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Michealene Cristini Risley

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Eragon Knows Fear

Posted: 12/21/06 02:53 PM ET

I saw the movie Eragon over the weekend with my children. We have been reading the book as a family for the last few weeks, and have been mesmerized by the story. For those of you who may not know the author's story, Christopher Paolini was home schooled for his entire life, he graduated high school at the age of 15 through an accredited correspondence course at American School, Chicago, IL. Following graduation, he started work on what would become the novel Eragon and its sequel Eldest, all set in Alagaësia.

In 2002, Eragon was published privately Chris' parents through Paolini International, LLC. To promote the book, Paolini toured over 135 schools and libraries, discussing reading and writing, all the while dressed in "a medieval costume of red shirt, billowy black pants, lace-up boots, and a jaunty black cap." Paolini actually created the cover art for the first edition of Eragon, which featured Saphira's eye. He also drew the maps on the inside covers of his books. [5]

During one of his promotional tours, he gave a speech at the school of the stepson of Carl Hiaasen; Hiaasen enjoyed the book so much, he told his publisher, Knopf about it. . An offer was made by Knopf for Eragon and the rest of the Inheritance trilogy. The second edition of Eragon was published in August 2003. At the age of nineteen, he became a New York Times bestselling author..

I found the movie to be less-engaging then the book. The book had many more sub-plots and details that I missed when I saw the movie. Great books are hard to duplicate for the motion picture screen. In the middle of the movie, I was struck by a particular scene and the wisdom of this young writer. At this point in the movie, Eragon had made it to the stronghold of the rebels. He was overlooking the battle as it was about to begin, when Saphira his mind-reading dragon approached him. He was struggling with why he had been chosen as the leader of the rebels. As she explained the choice, he said to her, "I am not without fear." She said in her wisdom, "without fear, you would not know courage."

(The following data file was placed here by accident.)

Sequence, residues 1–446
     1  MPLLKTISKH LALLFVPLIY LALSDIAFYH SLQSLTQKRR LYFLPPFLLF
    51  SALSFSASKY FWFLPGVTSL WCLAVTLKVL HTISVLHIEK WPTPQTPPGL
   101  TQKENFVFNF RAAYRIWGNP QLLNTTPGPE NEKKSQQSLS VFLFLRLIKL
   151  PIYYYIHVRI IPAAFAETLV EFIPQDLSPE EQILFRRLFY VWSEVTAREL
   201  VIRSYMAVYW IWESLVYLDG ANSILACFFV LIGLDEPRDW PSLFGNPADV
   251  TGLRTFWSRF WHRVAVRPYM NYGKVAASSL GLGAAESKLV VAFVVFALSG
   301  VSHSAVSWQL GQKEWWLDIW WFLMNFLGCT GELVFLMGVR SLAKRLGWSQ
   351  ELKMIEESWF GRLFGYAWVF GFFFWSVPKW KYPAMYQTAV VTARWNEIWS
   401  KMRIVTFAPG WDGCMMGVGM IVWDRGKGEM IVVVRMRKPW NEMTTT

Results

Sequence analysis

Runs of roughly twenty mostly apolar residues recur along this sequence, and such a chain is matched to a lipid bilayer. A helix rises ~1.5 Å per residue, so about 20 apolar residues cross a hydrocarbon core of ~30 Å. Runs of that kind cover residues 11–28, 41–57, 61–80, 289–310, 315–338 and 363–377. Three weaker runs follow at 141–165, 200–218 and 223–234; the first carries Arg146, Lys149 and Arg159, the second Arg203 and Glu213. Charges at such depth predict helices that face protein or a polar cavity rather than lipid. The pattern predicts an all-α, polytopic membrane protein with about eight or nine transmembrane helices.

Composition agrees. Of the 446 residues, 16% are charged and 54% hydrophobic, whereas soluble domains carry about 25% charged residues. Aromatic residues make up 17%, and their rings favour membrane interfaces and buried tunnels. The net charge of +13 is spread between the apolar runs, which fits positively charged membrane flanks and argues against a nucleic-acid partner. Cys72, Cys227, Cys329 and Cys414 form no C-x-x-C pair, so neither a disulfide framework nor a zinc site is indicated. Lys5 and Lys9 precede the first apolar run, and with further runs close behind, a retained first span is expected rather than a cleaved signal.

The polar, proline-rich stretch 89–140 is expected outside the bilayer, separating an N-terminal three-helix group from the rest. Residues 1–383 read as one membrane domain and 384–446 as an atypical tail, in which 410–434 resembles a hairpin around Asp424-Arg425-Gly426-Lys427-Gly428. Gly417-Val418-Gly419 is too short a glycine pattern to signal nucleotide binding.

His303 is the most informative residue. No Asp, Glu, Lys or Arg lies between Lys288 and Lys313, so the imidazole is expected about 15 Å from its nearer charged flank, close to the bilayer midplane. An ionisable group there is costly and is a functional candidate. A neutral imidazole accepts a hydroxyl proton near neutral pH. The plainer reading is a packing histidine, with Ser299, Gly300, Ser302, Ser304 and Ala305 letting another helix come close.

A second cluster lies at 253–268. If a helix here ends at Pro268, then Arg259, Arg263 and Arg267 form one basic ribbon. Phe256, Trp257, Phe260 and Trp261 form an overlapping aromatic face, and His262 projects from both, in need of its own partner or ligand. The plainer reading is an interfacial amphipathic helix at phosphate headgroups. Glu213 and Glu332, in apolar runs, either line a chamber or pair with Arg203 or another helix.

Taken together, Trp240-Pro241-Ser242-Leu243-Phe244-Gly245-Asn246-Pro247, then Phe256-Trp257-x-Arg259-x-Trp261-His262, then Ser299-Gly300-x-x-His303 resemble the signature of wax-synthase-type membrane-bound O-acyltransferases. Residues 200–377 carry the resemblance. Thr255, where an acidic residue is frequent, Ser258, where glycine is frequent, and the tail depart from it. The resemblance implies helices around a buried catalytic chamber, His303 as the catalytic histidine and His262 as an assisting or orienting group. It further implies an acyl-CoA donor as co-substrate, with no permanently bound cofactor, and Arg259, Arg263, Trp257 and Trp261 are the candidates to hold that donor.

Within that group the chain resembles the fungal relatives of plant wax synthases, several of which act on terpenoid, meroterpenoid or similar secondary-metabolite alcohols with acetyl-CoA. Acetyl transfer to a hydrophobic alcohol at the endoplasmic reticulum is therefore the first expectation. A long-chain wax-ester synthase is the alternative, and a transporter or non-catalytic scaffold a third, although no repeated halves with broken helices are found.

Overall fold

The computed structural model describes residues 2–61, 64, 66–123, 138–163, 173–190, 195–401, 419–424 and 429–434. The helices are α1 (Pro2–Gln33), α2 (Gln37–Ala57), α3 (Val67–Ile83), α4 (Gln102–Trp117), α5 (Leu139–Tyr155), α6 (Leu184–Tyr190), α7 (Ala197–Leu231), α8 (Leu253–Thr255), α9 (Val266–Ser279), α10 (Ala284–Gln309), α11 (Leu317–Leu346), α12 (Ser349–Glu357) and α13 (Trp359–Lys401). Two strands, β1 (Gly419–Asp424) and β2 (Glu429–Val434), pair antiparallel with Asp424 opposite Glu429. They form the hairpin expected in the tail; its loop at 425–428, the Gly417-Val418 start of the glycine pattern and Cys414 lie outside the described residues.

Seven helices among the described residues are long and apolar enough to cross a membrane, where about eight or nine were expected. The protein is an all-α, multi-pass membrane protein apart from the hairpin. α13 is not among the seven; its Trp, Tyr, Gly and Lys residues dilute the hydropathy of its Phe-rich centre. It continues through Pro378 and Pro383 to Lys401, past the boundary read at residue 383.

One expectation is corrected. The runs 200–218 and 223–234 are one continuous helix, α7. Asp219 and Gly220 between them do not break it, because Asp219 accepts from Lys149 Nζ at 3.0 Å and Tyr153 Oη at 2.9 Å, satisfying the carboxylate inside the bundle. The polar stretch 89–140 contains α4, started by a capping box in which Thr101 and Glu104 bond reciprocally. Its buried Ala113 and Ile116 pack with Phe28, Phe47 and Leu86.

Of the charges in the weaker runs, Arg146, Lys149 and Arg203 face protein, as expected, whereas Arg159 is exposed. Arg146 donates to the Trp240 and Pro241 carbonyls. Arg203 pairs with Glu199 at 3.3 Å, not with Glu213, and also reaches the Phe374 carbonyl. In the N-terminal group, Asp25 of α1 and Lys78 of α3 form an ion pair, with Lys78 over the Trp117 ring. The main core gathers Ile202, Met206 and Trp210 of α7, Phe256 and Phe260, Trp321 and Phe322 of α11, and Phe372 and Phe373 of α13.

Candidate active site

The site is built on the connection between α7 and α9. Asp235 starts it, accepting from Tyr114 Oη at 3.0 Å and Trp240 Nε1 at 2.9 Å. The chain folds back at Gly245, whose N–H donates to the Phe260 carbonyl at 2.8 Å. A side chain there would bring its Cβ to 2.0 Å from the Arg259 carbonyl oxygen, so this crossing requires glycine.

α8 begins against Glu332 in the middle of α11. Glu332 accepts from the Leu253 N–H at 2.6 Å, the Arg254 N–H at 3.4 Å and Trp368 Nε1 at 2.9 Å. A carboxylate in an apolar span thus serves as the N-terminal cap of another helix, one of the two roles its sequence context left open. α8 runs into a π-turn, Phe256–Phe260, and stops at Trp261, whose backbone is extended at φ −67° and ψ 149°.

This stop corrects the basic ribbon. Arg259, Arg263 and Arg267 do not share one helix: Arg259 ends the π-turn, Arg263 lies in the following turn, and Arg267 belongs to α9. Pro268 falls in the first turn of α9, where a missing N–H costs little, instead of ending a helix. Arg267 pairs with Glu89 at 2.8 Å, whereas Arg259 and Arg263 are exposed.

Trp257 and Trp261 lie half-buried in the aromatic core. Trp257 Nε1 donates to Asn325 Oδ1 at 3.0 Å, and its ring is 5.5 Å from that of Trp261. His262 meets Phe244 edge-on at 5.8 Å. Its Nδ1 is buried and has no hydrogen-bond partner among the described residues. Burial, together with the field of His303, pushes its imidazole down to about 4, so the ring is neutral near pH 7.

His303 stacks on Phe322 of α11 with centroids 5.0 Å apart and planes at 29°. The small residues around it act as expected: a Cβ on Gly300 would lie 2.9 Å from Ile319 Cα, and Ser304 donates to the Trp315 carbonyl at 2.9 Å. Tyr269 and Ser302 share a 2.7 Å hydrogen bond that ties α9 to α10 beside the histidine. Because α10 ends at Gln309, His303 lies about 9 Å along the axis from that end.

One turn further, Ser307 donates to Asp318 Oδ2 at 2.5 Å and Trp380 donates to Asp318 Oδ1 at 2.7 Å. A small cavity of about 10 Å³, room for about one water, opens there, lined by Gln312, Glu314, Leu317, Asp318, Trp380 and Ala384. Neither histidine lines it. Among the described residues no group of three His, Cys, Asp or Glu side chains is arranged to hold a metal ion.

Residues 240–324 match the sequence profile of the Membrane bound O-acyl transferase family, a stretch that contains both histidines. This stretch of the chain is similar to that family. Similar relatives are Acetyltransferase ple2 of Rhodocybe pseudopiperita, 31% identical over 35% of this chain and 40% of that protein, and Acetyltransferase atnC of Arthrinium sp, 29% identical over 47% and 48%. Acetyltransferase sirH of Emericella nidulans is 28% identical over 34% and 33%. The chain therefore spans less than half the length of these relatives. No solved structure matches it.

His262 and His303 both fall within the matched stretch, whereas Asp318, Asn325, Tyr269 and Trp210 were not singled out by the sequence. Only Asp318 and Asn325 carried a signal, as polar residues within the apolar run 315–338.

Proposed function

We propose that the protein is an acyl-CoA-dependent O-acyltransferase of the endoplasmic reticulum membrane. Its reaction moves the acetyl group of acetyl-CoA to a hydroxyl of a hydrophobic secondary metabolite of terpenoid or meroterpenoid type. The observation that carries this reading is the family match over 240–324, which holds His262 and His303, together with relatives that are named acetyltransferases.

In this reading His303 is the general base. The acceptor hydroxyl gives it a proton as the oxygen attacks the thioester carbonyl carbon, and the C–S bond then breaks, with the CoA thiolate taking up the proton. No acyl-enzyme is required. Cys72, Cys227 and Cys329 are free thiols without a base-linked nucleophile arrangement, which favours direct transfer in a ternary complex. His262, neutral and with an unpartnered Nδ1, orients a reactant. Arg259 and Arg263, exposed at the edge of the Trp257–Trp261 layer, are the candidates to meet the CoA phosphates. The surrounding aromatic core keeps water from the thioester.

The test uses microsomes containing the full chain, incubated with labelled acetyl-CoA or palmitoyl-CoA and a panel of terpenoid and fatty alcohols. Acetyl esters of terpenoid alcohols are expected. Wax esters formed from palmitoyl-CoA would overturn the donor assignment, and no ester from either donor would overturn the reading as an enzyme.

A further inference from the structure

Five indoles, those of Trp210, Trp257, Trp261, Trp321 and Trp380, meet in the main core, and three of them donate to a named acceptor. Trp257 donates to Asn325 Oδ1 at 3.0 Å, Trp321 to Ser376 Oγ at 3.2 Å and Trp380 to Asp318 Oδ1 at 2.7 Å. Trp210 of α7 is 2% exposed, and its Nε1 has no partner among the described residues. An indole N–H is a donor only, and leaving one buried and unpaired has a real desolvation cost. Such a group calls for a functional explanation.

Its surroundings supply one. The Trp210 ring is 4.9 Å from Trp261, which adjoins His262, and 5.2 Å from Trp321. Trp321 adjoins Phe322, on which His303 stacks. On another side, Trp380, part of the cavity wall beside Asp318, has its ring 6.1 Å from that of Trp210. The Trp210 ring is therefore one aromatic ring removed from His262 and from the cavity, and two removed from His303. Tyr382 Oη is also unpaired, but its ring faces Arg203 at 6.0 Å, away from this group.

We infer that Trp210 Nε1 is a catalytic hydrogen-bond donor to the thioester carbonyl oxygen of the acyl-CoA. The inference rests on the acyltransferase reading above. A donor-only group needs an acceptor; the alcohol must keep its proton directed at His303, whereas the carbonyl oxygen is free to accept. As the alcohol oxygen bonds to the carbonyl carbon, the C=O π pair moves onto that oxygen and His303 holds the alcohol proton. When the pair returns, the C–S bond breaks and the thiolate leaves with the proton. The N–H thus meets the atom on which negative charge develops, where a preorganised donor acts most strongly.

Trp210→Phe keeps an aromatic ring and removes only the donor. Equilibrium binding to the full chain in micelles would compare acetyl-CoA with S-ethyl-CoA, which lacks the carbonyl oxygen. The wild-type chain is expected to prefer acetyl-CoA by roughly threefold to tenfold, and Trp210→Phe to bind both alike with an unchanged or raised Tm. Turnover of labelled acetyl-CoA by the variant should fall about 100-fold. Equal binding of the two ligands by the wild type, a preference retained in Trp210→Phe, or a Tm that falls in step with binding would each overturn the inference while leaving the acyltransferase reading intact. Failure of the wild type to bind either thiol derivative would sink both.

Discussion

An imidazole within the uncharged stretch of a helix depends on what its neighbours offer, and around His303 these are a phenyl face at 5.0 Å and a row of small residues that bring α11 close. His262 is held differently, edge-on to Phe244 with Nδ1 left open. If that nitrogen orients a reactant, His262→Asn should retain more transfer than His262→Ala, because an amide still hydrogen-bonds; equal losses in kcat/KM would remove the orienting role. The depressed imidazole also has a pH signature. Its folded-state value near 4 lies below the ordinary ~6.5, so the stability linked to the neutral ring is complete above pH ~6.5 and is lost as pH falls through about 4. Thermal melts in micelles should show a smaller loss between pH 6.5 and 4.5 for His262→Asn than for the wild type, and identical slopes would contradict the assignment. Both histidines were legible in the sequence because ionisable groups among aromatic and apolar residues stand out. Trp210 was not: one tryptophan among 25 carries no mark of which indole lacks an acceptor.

Think about it. How poignant her words of wisdom. Remember your own moments with fear. The feelings that comes over a person experiencing fear can be all-encompassing. You can choose to stay in the fear or you could choose to act on it. Move past it. Yet how could you know courage without the taste of a dry mouth and sweaty hands, a beating heart or a quiver in your voice? When you face that fear or deal with the situation at hand, you can experience a surge of pride or accomplishment that you have had the courage to speak out. WOW!

When I think of fearlessness now, I am glad that I have know fear. There is no such thing as cowardice in feeling your fear, it is the only way to appreciate and know courage when you act on it.

Happy Holidays!

 

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